“(1) Everyone has the right to have access to-

(c) social security, including, they are unable to support themselves and their dependants, appropriate social assistance;

(2) The state must take reasonable legislative steps and other measures, within its available resources, to achieve the progressive realisation of each of these rights.”

A differentiation of this nature is not only arbitrary and inconsistent with the premise of our foundational constitutional values but is contrary to equal protection of the law under section 9 of the Constitution. The Constitutional Court, also extended the understanding of what equal protection under section 9 means.


The Constitutional Court recognised that domestic work in South Africa is predominantly performed by black women within a particular historical context, further recognising that an intersectional approach would be the best way to understand the discrimination and the impact of the exclusion. In other words, the Constitutional Court adopted an approach that recognises the discrimination as being on the basis of the intersecting grounds of race, sex, gender and socio-economic status and the harm(s) as being the complex harms that intersectional discrimination occasions.

The judgement further elaborated on how domestic workers are viewed in South Africa, finding that the exclusion occasioned by the Act perpetuates (i) the under-valuing of domestic workers and (ii) their work as not being regarded as real work.


In light of the above, the following is important to note when employing a domestic worker.

Domestic workers who work 5-days a week should work no more than 45 hours a week, and no more than 9 hours a day. Alternatively, if your domestic worker works more than 5 days a week, they should not be working more than 8 hours a day.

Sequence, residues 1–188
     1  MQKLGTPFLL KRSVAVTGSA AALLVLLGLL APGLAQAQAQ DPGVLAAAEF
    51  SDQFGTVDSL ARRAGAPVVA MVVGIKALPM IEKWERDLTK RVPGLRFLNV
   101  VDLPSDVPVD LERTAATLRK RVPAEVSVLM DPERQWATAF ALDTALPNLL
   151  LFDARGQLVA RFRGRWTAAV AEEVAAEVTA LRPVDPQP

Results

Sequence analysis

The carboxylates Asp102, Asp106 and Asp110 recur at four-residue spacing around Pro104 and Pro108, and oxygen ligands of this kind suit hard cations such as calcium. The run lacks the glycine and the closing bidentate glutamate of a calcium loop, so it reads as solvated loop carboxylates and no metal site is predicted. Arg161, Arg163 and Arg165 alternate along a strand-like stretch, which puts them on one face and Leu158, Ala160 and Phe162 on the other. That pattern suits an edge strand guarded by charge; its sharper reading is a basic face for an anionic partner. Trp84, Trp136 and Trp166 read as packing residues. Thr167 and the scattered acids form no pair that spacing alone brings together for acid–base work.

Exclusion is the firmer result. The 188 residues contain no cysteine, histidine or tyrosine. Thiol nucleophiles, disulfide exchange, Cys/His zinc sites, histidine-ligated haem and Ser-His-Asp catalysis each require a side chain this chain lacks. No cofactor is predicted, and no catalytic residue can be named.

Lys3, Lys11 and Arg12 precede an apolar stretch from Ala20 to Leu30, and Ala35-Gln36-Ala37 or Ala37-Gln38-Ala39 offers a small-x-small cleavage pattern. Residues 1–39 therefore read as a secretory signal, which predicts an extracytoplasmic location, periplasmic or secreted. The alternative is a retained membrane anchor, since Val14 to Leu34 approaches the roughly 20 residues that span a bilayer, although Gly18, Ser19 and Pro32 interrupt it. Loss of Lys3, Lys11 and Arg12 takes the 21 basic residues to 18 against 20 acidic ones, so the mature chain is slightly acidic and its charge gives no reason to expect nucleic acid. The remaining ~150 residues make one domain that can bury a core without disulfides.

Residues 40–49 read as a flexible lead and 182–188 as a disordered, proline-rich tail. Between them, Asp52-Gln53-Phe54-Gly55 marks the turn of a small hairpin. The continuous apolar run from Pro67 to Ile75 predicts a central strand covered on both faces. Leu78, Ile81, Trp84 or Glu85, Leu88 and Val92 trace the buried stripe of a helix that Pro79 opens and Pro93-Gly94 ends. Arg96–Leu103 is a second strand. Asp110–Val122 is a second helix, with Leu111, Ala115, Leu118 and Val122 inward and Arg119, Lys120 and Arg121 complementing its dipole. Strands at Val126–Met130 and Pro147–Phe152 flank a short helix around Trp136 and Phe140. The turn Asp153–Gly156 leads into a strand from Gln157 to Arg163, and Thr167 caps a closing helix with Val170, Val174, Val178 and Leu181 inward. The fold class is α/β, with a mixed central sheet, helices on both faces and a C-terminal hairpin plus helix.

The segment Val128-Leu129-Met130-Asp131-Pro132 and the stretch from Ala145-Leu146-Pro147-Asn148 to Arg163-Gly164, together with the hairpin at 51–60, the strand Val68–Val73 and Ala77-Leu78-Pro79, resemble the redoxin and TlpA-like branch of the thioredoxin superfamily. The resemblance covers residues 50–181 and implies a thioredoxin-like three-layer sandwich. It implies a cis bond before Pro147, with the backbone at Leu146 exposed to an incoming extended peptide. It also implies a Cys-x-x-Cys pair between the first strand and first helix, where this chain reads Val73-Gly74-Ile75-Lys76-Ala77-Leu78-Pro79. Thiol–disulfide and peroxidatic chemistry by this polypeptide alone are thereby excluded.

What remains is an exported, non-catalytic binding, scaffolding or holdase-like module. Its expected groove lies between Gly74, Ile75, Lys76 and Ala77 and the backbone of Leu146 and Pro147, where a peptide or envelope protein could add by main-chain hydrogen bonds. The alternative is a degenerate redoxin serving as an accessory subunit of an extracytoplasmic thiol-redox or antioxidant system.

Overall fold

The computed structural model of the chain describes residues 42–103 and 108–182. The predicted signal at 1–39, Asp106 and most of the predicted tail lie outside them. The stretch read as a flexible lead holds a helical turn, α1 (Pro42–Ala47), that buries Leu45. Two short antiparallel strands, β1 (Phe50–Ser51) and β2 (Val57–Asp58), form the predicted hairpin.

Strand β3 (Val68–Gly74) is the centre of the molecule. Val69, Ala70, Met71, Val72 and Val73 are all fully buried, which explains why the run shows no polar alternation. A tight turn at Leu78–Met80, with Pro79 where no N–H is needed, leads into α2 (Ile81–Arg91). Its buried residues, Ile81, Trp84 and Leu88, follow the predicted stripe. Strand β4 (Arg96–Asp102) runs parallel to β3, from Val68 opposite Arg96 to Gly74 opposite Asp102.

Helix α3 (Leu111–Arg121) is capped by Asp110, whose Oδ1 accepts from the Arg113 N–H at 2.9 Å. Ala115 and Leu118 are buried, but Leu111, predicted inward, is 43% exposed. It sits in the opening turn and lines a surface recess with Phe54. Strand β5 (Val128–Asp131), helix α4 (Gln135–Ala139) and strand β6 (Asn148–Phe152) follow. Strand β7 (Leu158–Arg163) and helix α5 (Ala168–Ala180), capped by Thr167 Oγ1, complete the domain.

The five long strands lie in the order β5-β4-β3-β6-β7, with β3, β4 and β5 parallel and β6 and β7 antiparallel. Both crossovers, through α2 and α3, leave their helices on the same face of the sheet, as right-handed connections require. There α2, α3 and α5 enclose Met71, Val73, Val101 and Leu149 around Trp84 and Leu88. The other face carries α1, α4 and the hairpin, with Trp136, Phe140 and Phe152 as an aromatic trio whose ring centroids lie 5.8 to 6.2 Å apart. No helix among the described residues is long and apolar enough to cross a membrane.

1. Overtime: They should not work more than 15 hours overtime per week or more than 3 hours overtime a day.
  2. Public holidays and Sundays: Should you require your domestic worker to work on a public holiday or on a Sunday, they should receive double their salary.
  3. Deductions: Employers may deduct 10% of an employee’s salary for accommodation if the domestic worker lives on their employer’s property, provided that the accommodation falls within the legislated standard and this has been agreed between the parties to the employment contract.
  4. Notice: Employers must give employees one week notice of termination of employment if the domestic worker has been employed for 6 months or less and four weeks’ notice if employed for more than six months;
  5. Severance payment: Domestic workers are entitled to one week severance pay for each year of service;
  6. All employers must register their Domestic worker for the Unemployment Insurance Fund and should ensure that they enter into a contract of employment;
  7. Sick leave: During the first 6 months of employment, they are entitled to 1 days paid sick leave for every 26 days worked. Moreover, during a 3 year and/or 36 months sick leave cycle an employee is entitled to paid sick leave that would amount to the number of days the employee would normally work during a period of 6 weeks
  8. COIDA: Domestic workers qualify for COIDA claims if injured on or during the course and scope of their employment.
  9. Termination of Employment: Should you wish to terminate the employment of your domestic worker; you need to have a fair reason for doing so and follow a fair procedure.


Author: Ashleigh Le Fleur
Candidate Attorney at Malcolm Lyons and Brivik Attorneys Inc.


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2021-07-22T13:16:43+02:00July 20th, 2021|Labour Law, Uncategorized|